The Monastery of the Twelve Apostles
Inside the monastery
Inside the monastery

After our tour of Capernaum, the sun had almost completely set, so we headed back to the hotel. Israel Travel Tip #3: Depending on what city you’re in, make sure to plan around Shabbat. While touring Israel in December is completely doable, the sun sets earlier (around 4 pm) and almost all attractions close at sunset. Additionally, we arrived on a Friday, and so Shabbat began right around 4 pm as well. Tiberias is a heavily Jewish town, and so the majority of shops, restaurants, and attractions close (the one helpful exception for tourists is hotels, which keep running). We had researched a few restaurants that advertised themselves as being open on Shabbat, and picked one on the boardwalk down by the waterfront called Galei Gil, famous for its St. Peter’s fish straight from the Sea of Galilee. The idea of St. Peter’s fish may be a tourist gimmick, but it’s a delicious one, cooked perfectly in butter and herbs and served whole. Richie opted for that, and I had my first of many bowls of hummus and laffa bread with lamb kebabs. Mmmmm. I could seriously eat Israeli food everyday. The combination of a hearty meal, a glass of wine at the hotel bar, and a full day of traveling and sightseeing led us to go to bed around 9 so that we could get up bright and early the next day for a trip to Nazareth.

Israel Travel Tip #4: Visit Nazareth in the morning. Most of the attractions in Nazareth open around 8 am, so we planned to get there at that time. This was a really good decision (and lucky for us, we’re normally not morning people) because at 7:30 when we were driving through the narrow, winding streets, there were barely any other cars on the road with us. An hour or so later, masses of tour groups in buses came through, and as we left the city at around 12:30, the streets were so jammed with people and cars that it took us almost three times as long to get out of the city center! It’s also a good choice for Saturday, as the sights in the city are largely Christian and remain open during Shabbat.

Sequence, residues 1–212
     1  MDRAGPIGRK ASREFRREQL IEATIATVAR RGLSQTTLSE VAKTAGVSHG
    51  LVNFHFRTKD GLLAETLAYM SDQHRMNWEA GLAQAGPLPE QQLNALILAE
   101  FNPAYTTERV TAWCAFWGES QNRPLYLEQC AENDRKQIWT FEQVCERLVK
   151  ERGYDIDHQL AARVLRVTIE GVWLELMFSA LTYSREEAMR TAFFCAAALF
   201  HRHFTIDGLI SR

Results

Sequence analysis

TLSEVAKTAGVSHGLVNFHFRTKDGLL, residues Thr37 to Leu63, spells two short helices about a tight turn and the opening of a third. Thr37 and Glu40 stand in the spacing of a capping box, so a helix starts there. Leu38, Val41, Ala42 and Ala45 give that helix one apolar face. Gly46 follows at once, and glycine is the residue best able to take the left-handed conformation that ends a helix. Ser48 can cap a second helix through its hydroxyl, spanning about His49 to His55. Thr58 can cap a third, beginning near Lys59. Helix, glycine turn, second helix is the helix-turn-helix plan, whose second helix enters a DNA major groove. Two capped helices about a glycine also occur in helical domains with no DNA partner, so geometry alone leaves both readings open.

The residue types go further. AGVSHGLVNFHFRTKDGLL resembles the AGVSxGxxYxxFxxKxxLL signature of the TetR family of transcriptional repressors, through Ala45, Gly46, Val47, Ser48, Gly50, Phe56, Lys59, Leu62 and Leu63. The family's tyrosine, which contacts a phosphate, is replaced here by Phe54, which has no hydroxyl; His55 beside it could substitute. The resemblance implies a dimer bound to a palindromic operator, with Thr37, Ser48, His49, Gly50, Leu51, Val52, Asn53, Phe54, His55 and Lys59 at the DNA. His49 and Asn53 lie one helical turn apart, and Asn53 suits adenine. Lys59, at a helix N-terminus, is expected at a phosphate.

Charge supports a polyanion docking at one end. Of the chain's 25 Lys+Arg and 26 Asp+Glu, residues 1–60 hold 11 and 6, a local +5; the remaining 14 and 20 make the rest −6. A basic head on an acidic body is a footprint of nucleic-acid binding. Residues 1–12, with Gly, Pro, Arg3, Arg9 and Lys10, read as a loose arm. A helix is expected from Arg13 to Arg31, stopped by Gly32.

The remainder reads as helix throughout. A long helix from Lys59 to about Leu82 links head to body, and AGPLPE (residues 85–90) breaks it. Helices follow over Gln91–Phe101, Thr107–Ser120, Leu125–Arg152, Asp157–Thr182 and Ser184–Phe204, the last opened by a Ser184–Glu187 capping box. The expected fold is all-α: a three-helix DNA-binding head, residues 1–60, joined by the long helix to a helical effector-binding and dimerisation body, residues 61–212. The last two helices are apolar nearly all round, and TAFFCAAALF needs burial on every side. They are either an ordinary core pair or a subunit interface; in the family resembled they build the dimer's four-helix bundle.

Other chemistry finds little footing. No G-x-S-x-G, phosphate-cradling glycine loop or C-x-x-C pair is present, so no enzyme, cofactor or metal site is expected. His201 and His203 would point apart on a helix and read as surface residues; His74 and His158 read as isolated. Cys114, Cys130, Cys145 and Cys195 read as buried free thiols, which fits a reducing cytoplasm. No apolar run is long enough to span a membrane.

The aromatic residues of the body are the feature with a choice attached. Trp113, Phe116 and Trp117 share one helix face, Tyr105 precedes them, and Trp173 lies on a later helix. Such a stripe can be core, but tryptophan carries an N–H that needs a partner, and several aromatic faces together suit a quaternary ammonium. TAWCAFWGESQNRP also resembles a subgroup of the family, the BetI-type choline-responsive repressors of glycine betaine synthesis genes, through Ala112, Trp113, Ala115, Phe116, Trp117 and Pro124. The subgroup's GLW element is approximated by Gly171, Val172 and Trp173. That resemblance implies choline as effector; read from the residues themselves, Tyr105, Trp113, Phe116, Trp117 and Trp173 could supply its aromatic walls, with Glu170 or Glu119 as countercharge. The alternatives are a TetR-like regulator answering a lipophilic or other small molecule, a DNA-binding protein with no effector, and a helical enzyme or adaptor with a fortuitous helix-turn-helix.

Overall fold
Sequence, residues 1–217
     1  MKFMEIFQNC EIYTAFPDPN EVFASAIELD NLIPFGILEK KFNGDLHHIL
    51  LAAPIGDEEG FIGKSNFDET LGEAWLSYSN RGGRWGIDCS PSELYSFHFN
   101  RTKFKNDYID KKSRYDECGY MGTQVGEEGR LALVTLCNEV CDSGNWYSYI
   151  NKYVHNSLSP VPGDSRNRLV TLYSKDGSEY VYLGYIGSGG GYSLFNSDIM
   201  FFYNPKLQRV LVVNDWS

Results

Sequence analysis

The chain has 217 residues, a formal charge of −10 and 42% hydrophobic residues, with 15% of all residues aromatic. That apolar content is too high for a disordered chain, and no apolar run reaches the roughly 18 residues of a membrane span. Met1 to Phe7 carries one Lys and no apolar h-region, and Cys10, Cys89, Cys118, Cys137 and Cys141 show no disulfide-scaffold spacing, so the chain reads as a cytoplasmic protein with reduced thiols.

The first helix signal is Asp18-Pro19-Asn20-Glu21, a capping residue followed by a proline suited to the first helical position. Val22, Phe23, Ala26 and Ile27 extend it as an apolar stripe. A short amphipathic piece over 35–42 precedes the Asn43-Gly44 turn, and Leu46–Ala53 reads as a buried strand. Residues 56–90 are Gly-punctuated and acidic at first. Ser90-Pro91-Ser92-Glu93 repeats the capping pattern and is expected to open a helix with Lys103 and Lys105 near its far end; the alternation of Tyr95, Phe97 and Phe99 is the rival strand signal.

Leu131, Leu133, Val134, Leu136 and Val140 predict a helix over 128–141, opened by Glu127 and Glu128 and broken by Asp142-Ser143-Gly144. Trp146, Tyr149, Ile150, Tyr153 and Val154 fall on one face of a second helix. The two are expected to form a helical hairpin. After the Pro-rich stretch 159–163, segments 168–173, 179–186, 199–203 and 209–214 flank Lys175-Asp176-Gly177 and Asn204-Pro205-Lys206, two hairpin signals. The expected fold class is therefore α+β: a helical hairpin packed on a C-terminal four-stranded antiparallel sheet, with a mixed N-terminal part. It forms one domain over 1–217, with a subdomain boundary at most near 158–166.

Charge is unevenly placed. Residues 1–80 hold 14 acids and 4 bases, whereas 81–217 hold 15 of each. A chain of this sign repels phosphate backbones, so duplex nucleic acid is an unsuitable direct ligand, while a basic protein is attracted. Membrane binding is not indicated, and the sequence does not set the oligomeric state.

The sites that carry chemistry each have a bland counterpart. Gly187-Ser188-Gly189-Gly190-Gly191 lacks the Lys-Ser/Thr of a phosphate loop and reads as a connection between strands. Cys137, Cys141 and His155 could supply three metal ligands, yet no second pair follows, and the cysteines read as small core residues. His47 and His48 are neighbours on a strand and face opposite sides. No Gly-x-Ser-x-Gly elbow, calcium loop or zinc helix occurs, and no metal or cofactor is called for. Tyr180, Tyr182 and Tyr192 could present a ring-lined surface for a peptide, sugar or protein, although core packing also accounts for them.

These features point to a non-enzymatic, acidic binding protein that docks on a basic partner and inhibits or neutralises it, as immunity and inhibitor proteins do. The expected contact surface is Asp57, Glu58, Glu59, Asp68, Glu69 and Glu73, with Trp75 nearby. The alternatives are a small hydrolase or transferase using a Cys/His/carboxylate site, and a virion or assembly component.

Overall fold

The sites in Nazareth are mostly centered around Mary, so while we thought it was interesting and enjoyed our visit there, spending 3 hours plus lunch was the perfect amount of time for the city. We started at the Basilica of the Annunciation, built on top of the place believed to be Mary’s home (and where most Christian denominations believe the Annunciation, when Gabriel spoke to Mary about becoming the mother of Jesus, took place). This is another church that sits atop older ruins, although in a bit different way than the church in Capernaum.

Here you can see ruins of the earlier churches that were built here - in the 4th century and again in the 12th - these were built over the caves believed to be Mary's home.
Here you can see ruins of the earlier churches that were built here – in the 4th century and again in the 12th – these were built in and over the caves believed to be Mary’s home. This area is in the lower left of the photo below.
The first floor of the church hovers over those ruins; the hole in the center gives those who are attending church above the ability to look into the caves below
The first floor of the church hovers over those ruins; the hole in the center allows those who are attending church above to see the Grotto of the Annunciation below.
Artists from around the world made paintings and mosaics of the Virgin Mary with Jesus. The one to the far left is the USA's. I'm not sure I like it.
Artists from around the world made paintings and mosaics of the Virgin Mary with Jesus. The one to the far left is the USA’s.